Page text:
Linksys reveals upgraded gaming router designed for Xbox One
Many wireless router manufactures like Netgear have recently begun marketing their devices to gamers.
In the past, we've seen routers that promise to speed up multiplayer gaming by eliminating lag and prioritizing multiplayer titles. This week, Linksys unveiled a new version of its WRT32X gaming router — called the WRT32XB — that's supposedly designed for Xbox One. According to the company, the WRT32XB automatically detects when an Xbox One is connected to the router, after which it prioritizes and accelerates the bandwidth the console receives. Linksys estimates that the upgraded router should reduce lag spikes and decrease ping by up to 65 percent for Xbox One owners if they choose to invest in the WRT32XB.
According to a report by The Verge, the WRT32XB uses the same Killer Prioritization Engine networking technology from the original WRT32X, but applies it to the Xbox One instead of just PC. The Killer Prioritization Engine brings more speed, intelligence and control to any home network. The technology manages both sides of a connection and automatically identifies gaming systems and prioritizes their internet traffic above online activities from other devices in the home. For example, with the Killer Prioritization Engine, the company claims that you don't need to worry about games or patches downloading slowly or being interrupted by other activities like streaming videos elsewhere in the home.
However, there is some controversy surrounding the product already. Aside from the fact that it enables the Killer Prioritization Engine for Xbox One, the router is identical to the original WRT32X. It still features 802.11ac Wi-Fi, four Ethernet ports, and a USB 3.0 port. The WRT32XB will launch in February 2018 for $299, the same price as the original. What's surprising is that Linksys claims that they'll issue a software update for the WRT32X so that it also prioritizes the Xbox One connection. It's unclear why the WRT32XB exists because after the patch both will be identical. At this point this seems more like a marketing gimmick targeting Xbox One owners than a meaningful upgrade.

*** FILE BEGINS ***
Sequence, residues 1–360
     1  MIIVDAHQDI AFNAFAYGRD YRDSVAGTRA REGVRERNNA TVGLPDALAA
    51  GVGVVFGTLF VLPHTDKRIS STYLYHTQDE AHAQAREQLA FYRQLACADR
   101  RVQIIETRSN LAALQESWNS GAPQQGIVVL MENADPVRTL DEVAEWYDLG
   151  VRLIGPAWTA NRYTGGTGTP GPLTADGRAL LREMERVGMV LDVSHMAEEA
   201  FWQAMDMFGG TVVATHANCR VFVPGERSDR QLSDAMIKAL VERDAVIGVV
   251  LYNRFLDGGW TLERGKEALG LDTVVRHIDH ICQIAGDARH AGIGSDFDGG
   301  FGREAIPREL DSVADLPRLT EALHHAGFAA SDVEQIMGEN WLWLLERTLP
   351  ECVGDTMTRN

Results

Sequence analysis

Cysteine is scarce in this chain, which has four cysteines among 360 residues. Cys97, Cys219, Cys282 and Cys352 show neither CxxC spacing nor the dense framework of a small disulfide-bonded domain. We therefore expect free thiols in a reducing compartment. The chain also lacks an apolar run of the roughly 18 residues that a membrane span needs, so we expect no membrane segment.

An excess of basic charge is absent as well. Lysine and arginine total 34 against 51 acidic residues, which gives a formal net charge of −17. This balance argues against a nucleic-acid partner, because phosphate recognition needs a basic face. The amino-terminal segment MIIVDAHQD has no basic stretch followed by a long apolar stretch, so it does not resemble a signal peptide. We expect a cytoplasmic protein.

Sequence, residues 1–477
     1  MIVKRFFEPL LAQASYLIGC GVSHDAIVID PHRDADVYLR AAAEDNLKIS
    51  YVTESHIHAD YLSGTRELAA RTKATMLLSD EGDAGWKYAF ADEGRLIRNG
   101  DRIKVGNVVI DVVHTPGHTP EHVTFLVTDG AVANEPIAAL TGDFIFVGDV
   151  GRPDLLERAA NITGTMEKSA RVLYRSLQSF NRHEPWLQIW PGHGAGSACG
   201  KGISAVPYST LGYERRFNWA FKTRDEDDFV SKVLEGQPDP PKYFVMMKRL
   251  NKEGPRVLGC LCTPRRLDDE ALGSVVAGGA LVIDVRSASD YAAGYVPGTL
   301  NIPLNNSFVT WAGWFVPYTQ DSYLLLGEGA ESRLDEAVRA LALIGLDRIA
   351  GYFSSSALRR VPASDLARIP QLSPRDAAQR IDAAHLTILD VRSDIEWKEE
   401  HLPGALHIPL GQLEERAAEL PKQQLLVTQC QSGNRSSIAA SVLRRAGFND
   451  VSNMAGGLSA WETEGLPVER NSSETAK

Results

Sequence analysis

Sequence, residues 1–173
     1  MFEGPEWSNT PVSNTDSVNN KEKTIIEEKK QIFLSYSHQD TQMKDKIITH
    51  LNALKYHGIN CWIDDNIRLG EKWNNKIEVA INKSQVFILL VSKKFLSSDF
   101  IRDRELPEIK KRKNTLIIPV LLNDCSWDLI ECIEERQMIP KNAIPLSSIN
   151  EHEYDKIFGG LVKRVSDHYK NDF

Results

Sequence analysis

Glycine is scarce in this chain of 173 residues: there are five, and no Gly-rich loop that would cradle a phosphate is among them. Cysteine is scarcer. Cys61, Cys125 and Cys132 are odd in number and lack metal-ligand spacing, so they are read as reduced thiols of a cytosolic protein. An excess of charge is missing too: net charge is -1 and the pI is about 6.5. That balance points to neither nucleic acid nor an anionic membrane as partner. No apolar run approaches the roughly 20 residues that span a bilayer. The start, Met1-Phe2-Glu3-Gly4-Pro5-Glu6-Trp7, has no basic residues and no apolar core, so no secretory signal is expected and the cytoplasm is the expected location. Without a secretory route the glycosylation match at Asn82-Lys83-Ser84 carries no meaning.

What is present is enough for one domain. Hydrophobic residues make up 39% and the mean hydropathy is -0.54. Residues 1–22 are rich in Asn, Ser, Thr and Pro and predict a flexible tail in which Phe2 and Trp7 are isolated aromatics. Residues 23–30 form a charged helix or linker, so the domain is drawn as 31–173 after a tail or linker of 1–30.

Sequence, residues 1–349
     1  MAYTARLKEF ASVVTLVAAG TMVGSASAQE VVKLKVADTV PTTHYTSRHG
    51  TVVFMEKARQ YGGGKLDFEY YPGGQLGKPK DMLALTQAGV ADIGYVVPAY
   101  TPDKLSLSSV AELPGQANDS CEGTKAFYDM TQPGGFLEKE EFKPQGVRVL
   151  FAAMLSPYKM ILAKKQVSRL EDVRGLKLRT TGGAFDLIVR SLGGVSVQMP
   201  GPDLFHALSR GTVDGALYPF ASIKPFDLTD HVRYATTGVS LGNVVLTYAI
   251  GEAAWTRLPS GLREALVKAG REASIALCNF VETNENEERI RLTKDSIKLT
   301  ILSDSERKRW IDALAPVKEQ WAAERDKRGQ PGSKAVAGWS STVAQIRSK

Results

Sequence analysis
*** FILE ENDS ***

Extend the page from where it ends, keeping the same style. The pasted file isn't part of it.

During our review of the WRT32X router, we discovered a noticeable improvement when the Killer Prioritization Engine was engaged. A wireless connection outperformed a wired one when it came to reducing ping. According to Daniel Rubino, "for people with 1 Gbps fiber optic internet connections, you can almost afford not to worry your router or even latency. For the rest of us, who are stuck with an aging internet infrastructure routers that optimize every bit of data, or let you shape your wireless network for your priority is not a bad idea."
It's unclear when the patch for the original WRT32X will hit, but if you want to purchase it right now and don't mind waiting for your Xbox One to see improvements, it's available for roughly $50 off. We would recommend doing that because it seems like there's nothing the WRT32XB can offer in February which the WRT32X won't receive.
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Asher Madan handles gaming news for Windows Central. Before joining Windows Central in 2017, Asher worked for a number of different gaming outlets. He has a background in medical science and is passionate about all forms of entertainment, cooking, and antiquing.
Nice for those who need been on asus router bandwagon for some years now and using Merlin not switching unless it feels a void.
My Linksys router already lets me prioritize traffic and it cost a lost less than this. Also, I find it mildly amusing this device lets you do what your ISP wasn't allowed to do under Net Neutrality.
The 1st gen WRT32X will be upgradeable to the same features via a software update. If you have that model, no need to upgrade to the WRT32XB.
Have Linksys routers gotten any better? From my experience the older ones were horrible which is why I stick with asus.
I haven't had any major problems with my WRT-1900AC. My Church has some EA6500s and 6900s and they, too, have been well behaved. Having said that....Linksys has been having some problems with its Velop product. A check of the Linksys community board shows lengthy topics dealing with parental controls and firmware issues.